For Puerto Rican Food in Denver, Find the Areyto Food Truck | Westword

For a Taste of Puerto Rican Food in Denver, Find the Areyto Food Truck

It gained notoriety in 2020 after appearing on Diners, Drive-Ins and Dives the month before the pandemic hit.
The Puerto Rican Bowl is served over arroz con gandules (pigeon peas rice) with a side of tostones.
The Puerto Rican Bowl is served over arroz con gandules (pigeon peas rice) with a side of tostones. Chris Byard
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Yari Ortiz was living in Puerto Rico but wanted to make the move to the United States. One of her best friends had moved to Colorado and suggested that she should do the same. "And I did, not even visiting or knowing anything about Colorado, and it's the state that I've lived in the most," Ortiz says.

Erik Carballo is from El Salvador. "My family is what brought me here," he says. "My mom and two brothers live here. My mom is a U.S. citizen, and she got my resident card to the States, so I moved here in 2013."

The two met by chance at a mutual friend's birthday party, where they shared stories from back home and immediately formed a friendship. "Obviously, being a Puerto Rican, the first thing you do is look for your food, and I realized that there wasn't any at all," Ortiz recalls. "So that's kind of when we saw an opportunity."

"At that time, there weren't any Puerto Rican restaurants or food trucks in Denver, so we were like, we need to open something here," adds Carballo. In May 2016, Areyto hit the streets of Denver.
click to enlarge a black food truck
Areyto made a Westword list of best food trucks in 2018.
Chris Byard
When it launched, neither Ortiz nor Carballo had any professional cooking experience. "We were tired of the corporate world and didn't want to work for anybody else," says Ortiz. "We wanted to do something different and saw an opportunity. The base of the recipes was there. I learned a lot from my family, my mom and my grandparents, which are incorporated in what we do on the food truck, so we took those recipes and we made it our own."

"You know, we just love to cook," adds Carballo.

Seven years in, the team has gained a lot of fans in the community, though owning a food truck is a lot of hard work. "People think that it's fun to run a truck, but it's not always fun. I mean, we have fun, but most of the time, it's a very stressful environment," Carballo admits. "You have to cook, and our food is very hard to prep and very hard to make. People assume that it's fast food like McDonald's or something, but it's not. ... We're very busy all the time."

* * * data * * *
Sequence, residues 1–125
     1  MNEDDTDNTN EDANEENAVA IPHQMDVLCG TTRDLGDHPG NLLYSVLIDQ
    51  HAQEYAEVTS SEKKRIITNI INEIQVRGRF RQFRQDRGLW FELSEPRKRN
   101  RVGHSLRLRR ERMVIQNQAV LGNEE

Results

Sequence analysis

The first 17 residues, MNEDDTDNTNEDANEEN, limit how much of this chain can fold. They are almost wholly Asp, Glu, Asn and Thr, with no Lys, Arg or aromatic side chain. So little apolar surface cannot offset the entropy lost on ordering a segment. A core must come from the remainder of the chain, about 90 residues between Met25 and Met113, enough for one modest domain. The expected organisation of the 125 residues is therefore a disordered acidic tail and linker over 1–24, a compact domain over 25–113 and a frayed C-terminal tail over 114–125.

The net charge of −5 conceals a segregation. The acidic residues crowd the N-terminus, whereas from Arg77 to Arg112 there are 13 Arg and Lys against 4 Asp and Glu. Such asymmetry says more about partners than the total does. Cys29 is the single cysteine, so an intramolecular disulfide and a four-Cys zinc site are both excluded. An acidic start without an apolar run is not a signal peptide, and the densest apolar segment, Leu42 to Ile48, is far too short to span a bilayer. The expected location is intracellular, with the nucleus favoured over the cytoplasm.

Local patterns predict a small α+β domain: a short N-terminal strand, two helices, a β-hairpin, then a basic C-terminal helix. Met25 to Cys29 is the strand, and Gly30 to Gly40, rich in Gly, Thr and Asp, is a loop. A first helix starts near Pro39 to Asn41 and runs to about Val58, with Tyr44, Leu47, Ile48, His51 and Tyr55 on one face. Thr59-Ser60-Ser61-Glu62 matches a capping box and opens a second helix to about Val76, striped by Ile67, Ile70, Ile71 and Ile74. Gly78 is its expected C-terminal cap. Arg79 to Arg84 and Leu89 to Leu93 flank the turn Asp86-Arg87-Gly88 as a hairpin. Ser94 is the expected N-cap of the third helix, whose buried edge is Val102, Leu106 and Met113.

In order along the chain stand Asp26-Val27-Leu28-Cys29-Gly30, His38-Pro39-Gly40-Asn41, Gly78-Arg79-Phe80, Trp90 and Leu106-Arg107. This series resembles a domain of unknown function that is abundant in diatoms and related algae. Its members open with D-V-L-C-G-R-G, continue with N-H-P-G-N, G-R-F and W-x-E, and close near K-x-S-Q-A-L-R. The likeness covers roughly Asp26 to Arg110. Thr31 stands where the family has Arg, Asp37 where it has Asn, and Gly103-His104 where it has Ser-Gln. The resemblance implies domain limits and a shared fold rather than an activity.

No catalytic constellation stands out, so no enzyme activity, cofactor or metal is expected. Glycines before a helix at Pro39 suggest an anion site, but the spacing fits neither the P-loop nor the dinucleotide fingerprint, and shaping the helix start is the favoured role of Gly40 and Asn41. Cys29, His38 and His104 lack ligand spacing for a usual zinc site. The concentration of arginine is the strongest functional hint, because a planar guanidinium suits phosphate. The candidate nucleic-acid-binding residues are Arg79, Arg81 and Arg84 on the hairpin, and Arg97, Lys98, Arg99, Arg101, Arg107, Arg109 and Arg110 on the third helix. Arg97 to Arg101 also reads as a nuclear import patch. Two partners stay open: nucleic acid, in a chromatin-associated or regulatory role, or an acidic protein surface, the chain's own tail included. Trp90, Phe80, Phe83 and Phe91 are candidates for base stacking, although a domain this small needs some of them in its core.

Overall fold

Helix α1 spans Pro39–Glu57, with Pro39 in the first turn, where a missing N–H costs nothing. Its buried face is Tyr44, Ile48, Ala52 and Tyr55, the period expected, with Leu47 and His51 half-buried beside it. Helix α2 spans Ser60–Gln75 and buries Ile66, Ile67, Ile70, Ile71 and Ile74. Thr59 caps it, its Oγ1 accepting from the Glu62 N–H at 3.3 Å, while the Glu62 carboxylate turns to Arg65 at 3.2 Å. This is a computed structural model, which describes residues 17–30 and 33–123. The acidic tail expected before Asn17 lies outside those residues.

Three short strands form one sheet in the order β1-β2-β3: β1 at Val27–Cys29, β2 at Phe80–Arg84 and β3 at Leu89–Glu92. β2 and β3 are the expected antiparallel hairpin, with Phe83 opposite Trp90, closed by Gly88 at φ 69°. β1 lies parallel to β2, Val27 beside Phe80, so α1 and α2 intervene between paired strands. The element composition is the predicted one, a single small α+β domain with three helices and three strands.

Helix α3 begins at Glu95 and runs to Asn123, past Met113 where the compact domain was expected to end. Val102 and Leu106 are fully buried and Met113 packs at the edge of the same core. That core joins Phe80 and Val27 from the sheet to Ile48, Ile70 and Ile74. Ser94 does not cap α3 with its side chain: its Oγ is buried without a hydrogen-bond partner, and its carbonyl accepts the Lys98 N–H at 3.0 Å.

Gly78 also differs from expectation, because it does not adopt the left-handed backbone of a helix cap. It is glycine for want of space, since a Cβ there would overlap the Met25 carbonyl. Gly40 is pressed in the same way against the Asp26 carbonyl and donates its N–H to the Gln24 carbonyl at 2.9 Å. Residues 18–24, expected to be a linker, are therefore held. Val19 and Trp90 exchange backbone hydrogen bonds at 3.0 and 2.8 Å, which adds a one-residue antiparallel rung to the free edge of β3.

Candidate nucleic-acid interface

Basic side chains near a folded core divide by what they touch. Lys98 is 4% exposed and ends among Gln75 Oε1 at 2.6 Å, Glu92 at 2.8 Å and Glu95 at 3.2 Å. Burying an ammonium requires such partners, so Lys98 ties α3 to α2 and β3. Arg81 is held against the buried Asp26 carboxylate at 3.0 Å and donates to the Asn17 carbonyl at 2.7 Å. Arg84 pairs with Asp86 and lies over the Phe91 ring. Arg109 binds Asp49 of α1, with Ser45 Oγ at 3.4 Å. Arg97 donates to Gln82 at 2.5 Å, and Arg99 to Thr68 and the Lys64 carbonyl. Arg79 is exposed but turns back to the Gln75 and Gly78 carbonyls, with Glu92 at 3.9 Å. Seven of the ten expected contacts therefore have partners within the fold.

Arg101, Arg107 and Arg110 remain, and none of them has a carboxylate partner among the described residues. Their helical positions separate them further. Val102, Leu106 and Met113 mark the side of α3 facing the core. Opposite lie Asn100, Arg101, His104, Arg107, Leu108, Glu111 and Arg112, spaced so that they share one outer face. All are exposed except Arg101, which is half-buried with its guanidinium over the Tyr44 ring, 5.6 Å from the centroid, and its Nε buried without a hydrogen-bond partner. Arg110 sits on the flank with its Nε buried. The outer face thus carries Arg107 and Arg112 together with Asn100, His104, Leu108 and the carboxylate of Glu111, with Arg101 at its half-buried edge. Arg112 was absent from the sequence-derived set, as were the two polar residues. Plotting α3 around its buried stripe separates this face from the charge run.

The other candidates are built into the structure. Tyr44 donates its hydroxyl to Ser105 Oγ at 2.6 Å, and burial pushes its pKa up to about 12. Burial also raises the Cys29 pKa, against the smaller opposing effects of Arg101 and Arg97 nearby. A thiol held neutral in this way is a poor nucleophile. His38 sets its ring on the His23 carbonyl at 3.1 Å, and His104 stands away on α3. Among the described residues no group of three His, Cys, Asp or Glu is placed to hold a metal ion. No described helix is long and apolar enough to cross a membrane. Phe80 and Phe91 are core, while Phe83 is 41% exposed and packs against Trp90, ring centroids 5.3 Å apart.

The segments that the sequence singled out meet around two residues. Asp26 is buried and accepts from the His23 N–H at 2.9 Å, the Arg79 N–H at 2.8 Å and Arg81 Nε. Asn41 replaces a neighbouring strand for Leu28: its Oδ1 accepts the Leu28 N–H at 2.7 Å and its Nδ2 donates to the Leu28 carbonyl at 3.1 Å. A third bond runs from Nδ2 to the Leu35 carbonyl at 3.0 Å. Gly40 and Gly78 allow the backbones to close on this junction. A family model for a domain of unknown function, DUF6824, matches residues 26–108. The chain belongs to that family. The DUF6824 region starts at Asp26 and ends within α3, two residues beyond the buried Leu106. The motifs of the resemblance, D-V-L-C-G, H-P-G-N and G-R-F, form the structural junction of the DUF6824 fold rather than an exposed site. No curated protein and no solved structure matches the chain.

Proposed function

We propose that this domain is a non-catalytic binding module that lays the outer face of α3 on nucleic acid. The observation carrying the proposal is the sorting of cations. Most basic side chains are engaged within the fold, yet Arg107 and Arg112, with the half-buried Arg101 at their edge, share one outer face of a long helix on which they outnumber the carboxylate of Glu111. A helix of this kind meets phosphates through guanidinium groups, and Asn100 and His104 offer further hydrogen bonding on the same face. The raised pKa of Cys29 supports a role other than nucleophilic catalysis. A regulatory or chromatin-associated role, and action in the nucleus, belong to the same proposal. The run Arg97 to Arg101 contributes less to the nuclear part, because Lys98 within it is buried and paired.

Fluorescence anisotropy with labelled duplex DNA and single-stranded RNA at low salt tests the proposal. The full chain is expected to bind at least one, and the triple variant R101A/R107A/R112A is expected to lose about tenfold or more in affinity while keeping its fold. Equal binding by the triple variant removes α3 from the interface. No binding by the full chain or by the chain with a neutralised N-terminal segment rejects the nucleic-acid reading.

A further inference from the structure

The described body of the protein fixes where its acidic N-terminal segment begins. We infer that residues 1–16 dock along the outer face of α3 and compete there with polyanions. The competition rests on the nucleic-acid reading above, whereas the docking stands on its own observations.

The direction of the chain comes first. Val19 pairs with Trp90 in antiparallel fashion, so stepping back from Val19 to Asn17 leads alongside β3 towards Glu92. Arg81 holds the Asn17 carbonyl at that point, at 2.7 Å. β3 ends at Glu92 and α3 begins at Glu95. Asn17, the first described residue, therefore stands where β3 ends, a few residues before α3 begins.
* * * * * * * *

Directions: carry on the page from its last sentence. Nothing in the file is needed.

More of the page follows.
Adds Ortiz: "Obviously, this is your thing and you want it to be successful, but I didn't think that we would have all the opportunities we've actually had in these seven years." One of her most memorable experiences was serving 450 Southwest employees at Denver International Airport. "We were driving our truck in between airplanes and stuff. That was really cool and a lot of fun," she recalls. "As we were leaving, we got amazing pictures of airplanes coming at us. It was such a cool experience."
click to enlarge three fried pastries in a to-go box
Fried empanadillas are a Puerto Rican version of hand pies.
Chris Byard
In 2019, Ortiz and Carballo caught the attention of Guy Fieri, who invited them to make an appearance on his popular Food Network show Diners, Drive-Ins and Dives. "We filmed in November of 2019, and then it aired in February, the month before the pandemic, which was like the best thing for us, because we were out there and no restaurants were open," says Ortiz.

"A lot of people watch the show, and after, it was just like lines. People used to wait two to three hours for the food. It was definitely a busy year for us," Carballo adds. 

If you are new to Puerto Rican food, the mofongo is a must-try. "It's such a staple Puerto Rican dish. It has plantains — that's the base. We flavor it with spices, make the mold and then fill it with meat. It takes time to make this dish, especially from scratch, so it's definitely a treat," Ortiz says.

As is the jibarito (plantain sandwich). "It's a very involved dish," Ortiz continues, "but the mofongo, to me, encapsulates what Puerto Rico is, and it's such a popular dish there. It's a very special-occasion thing."

From empanadillas, a Puerto Rican version of hand pies, to tostones — smashed and crispy fried green plantains — Areyto transports diners to Puerto Rico through food.

To find the truck, follow it on Instagram @areytofoodtruck, where it posts its full schedule.
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